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What’s in store for video analytics in 2020?

What’s in store for video analytics in 2020?
Needless to say, video analytics are an important element of video surveillance, helping make sense of what’s in the video. With another year starting, it’s important to discuss what some of the top trends in this particular market are.
Needless to say, video analytics are an important element of video surveillance, helping make sense of what’s in the video. With another year starting, it’s important to discuss what some of the top trends are in this particular market.
Video analytics have been around for quite some time. Before, they were marred by various issues, failing to live up to people's expectations. That's why they were seen more as hype or a buzzword. Yet today, video analytics have become more accurate and advanced, prompting people to realize their benefits in security and non-security applications.
In security, for example, facial recognition is used to identify suspicious or blacklisted individuals; license plate recognition is used for the same purpose – to identify problematic vehicles. In non-security, applications range from retail to manufacturing to healthcare. In the latter category, for example, pose estimation can help identify a person falling in a senior care facility. In manufacturing, defects can be instantly identified by video analytics.
With advances in video analytics, all eyes are watching what’s in store for the technology in 2020. A recent blogpost by BriefCam, authored by CTO Tim Edlund, identified some of the top trends for this year, and these are summarized as follows.


As opposed to conventional rules-based algorithms, AI or deep learning can help boost video analytics' accuracy, allowing them to identify objects effectively even when the image quality is poor. AI is also powerful when it comes to object classification. “Ongoing algorithm research and development continues to make the extraction and analysis of data increasingly efficient and accurate and the innovation in this area will progress as we move into 2020 and beyond,” Edlund said.

Real-time video processing

According to Edlund, because real-time video processing continues to provide significant benefit to end users – based on advances in the sophistication of real-time alerting – a top priority for organizations already leveraging video analytics is expanding the camera coverage for real-time video processing. “By expanding the scope of real-time video processing, users can trigger alerts for broader environments and also increase data aggregation and visualization into dashboards in real time to drive business insights based on continuous processing with integrated video data sources,” he said.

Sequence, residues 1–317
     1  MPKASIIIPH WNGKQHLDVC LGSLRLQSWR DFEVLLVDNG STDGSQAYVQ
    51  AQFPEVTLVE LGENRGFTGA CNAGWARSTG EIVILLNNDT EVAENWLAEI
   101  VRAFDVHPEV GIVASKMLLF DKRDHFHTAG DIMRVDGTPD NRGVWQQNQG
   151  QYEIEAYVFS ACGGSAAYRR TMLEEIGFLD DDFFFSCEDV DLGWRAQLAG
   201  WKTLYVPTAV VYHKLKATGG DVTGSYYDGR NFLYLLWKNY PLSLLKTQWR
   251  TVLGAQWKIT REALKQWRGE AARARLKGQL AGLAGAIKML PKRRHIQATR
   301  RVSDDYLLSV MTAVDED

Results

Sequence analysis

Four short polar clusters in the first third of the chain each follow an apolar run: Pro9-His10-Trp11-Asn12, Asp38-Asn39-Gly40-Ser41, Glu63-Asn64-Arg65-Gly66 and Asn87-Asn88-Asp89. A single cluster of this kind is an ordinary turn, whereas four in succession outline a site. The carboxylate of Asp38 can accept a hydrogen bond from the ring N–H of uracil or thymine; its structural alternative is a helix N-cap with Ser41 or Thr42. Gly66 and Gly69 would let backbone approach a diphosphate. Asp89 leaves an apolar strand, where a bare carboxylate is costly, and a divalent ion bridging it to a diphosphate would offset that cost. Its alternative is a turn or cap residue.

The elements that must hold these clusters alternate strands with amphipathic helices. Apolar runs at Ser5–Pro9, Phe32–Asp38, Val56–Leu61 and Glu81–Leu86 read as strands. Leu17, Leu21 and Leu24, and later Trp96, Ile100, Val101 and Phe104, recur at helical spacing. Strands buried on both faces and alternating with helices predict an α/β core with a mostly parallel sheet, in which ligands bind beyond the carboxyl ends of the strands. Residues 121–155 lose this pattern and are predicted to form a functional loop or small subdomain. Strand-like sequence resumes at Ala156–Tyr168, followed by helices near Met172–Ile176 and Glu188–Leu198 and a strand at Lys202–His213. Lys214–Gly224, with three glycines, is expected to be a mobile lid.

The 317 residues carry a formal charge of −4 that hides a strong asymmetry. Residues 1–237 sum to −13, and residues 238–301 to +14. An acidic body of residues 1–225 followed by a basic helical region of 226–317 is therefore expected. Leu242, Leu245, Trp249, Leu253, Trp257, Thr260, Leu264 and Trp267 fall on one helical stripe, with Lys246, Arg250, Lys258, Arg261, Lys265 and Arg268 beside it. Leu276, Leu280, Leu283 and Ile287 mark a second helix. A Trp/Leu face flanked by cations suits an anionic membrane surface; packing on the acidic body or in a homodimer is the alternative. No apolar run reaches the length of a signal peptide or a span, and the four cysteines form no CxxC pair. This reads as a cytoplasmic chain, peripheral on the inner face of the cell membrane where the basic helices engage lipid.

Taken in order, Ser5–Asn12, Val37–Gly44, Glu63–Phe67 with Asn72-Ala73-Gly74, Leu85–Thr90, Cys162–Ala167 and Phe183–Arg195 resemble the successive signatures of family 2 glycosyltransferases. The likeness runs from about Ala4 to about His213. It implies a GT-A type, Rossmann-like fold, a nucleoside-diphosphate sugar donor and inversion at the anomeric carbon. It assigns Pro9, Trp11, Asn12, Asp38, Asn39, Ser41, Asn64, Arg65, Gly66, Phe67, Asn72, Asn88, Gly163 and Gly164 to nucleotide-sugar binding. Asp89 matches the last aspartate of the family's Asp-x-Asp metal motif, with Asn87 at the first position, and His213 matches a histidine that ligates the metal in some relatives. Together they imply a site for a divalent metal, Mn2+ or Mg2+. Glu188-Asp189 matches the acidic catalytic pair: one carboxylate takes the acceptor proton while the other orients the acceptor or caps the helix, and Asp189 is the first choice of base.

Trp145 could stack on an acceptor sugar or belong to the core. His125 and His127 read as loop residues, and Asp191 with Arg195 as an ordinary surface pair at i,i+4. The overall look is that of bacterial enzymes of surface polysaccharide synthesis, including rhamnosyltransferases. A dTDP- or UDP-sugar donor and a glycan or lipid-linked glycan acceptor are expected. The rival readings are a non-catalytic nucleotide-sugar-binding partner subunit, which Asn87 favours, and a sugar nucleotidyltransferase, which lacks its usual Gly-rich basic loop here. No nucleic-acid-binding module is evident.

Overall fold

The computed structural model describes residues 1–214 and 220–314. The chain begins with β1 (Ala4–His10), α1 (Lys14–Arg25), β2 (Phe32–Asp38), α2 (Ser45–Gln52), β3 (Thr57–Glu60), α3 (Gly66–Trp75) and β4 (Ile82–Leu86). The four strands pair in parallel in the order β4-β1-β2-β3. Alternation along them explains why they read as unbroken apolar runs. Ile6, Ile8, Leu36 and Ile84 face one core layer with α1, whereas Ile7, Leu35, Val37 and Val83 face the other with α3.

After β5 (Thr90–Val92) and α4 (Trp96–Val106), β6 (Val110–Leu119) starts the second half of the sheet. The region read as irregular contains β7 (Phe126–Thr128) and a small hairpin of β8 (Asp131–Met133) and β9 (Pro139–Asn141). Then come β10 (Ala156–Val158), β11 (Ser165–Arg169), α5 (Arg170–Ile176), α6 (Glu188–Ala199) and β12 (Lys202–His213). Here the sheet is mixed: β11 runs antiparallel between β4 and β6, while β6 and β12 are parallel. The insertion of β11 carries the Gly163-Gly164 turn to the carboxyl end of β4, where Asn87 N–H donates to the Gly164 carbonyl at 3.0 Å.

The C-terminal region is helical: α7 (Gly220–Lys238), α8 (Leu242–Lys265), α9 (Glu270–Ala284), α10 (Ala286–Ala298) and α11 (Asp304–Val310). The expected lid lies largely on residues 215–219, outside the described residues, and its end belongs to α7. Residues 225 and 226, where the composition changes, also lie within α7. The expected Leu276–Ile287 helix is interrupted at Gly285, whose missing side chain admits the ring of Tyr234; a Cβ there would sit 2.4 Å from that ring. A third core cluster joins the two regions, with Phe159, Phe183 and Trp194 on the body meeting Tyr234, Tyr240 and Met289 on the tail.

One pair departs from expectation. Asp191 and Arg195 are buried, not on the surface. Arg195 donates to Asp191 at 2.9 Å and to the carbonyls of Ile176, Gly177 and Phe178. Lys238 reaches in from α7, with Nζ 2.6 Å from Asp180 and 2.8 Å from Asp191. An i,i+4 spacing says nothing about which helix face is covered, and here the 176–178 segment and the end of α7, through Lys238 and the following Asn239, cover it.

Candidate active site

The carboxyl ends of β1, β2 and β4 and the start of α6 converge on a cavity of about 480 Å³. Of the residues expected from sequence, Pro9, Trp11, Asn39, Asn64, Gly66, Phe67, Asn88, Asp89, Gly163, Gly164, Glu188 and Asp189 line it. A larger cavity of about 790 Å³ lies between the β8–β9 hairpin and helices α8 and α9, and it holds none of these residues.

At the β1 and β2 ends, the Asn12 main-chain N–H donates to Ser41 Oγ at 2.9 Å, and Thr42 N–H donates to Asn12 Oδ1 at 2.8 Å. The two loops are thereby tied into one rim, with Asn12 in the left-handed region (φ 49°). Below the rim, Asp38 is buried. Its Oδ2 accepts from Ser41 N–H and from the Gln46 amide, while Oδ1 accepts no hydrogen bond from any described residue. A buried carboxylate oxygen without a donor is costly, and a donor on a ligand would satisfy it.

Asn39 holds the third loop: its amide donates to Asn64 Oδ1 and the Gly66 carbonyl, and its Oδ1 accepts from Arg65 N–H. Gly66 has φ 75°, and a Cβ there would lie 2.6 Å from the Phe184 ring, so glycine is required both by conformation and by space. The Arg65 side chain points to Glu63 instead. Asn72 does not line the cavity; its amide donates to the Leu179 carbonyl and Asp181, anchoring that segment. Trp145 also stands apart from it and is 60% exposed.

Facial recognition

Facial recognition has been cited as a top trend for various security companies. Indeed, with applications encompassing both security and non-security fields, facial recognition demands will only grow despite certain controversies surrounding it. “As higher resolution video and more efficient processing technologies evolve, face recognition solutions are becoming more effective and accurate,” Edlund said. “While the progress in this field has been significant, face recognition remains controversial and will continue to do so until regulations around its use become more definitive.”

High-resolution video

More and more, video is moving towards 4K and even 8K resolutions, offering crystal sharp images that can make video analytics even more effective. Yet there is a caveat. “The steep hardware requirements to support heavier video processing remain a barrier. As long as the cost of hardware is high, mass market adoption of higher resolution cameras will be somewhat stilted, but it’s definitely an evolution we’ll continue to monitor in the coming years,” Edlund said.

Cloud-based video analytics

Cloud offers a cost-effective solution for customers who opt to pay for video surveillance and the analytics tools as a monthly service rather than a capital investment. Further, cloud offers stronger security now. “Cloud services incur a fraction of the capital expenditures, procurement procedures and installation and deployment expenses of on-premises implementations, and are well-suited to serving the needs of a multi-site deployment,” Edlund said. “Cloud platforms now also boast robust cybersecurity.”

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